beneath Lanier Mansion outbuildings
officials plan to build
a replica of the carriage house
MADISON, Ind. (March 2003) Work halted during the winter
but will soon resume on Lanier Mansion State Historic Sites most
recent archeological project to uncover the remains of a carriage house
and summer kitchen.
One small area along the southeast corner of the summer kitchen wall
is all that remains to be excavated, said historic site manager Link
Ludington. The remaining area will be uncovered sometime in early spring
shortly before construction begins on the interpretive center, Ludington
An archeological crew headed by Bill Wepler, curator of Historical Archaeology
of the Indiana State Museum, has already exposed most of the remains,
including the brick foundation. The crew has uncovered some relevant
pieces of Lanier history, including evidence of two rooms. One was a
kitchen with an attached L-shaped shed, which became the carriage house.
Another was a small 10-foot-square privy, according to Wepler.
Wepler at work
during last fall's dig
The buildings predate the mansion, Wepler said, and were
probably constructed in the 1830s to serve James F. D. Laniers
original dwelling, which faced Elm Street where a garage now sits. The
original Lanier home was built between 1825 and 1831 and, according
to newspaper advertisements for scrap materials from the home, was demolished
after the Civil War.
According to maps and lithographs, it appears that the group of buildings
that included the summer kitchen and carriage house remained for several
years after the original house was demolished, Wepler said. After the
construction of the mansion, the buildings were formally tied together
as one structure, but, for reasons not entirely apparent, the buildings
were torn down around 1900. His crew has uncovered portions that remain
of the brick foundation of the buildings, which will be used in the
interpretation of the site.
In addition to the structural foundations, remains of ceramic dishes,
some dating prior to the 1830s and animal remains, such as scraps consistent
with food preparation have been found.
Elizabeth Scott, part of the archeological team from the state museum,
said that while working at the site she uncovered the remains of pig,
sheep, goat, cow and bird. Scott has worked on and off at Lanier for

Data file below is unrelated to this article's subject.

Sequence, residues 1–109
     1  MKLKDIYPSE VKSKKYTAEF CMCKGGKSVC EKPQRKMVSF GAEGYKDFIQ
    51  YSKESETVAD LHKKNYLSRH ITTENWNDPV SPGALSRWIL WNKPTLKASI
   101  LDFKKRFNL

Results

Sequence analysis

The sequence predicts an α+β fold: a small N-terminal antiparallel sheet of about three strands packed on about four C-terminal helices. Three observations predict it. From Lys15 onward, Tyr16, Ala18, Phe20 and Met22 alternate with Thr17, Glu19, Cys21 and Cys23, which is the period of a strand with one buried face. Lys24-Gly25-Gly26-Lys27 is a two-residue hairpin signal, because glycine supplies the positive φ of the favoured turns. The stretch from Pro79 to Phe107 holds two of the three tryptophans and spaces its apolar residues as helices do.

about a decade and will use information she has gathered in completion
of a masters degree in archeology from Ball State University.
Archeological excavation has been an ongoing project at Lanier since
1992 and has included work on the layout of the gardens and location
of various buildings that once stood at the site. Switzerland County
High School teacher Leon Hostetler has worked closely with Wepler in
excavating the site. According to Wepler, in addition to working at
the site, Hostetler developed an educational program through which students
who volunteered at the dig could receive high school credits.
Wepler said that besides the current carriage house project, the Lanier
site offers many more archeological opportunities, including uncovering
additional landscaping evidence and the original house.
Theres a lot going on here, said Wepler.
The overall objective of the kitchen-carriage house project, said Ludington,
is to construct a replication of the building over the area that is
now being excavated.
Ludington said that exhibit design teams have recently met in Indianapolis
to work on plans for exhibits in both the carriage house and the new
visitors center, where administrative offices for Lanier Mansion
will soon relocate. The new visitors center building will be located
at 601 W. First St., adjacent to the mansion.
Ludington said he hopes to be able to begin moving equipment and furniture
to the new office sometime in March. After the move is completed, then
the carriage house project will become the primary project of the historic
site, Ludington said.
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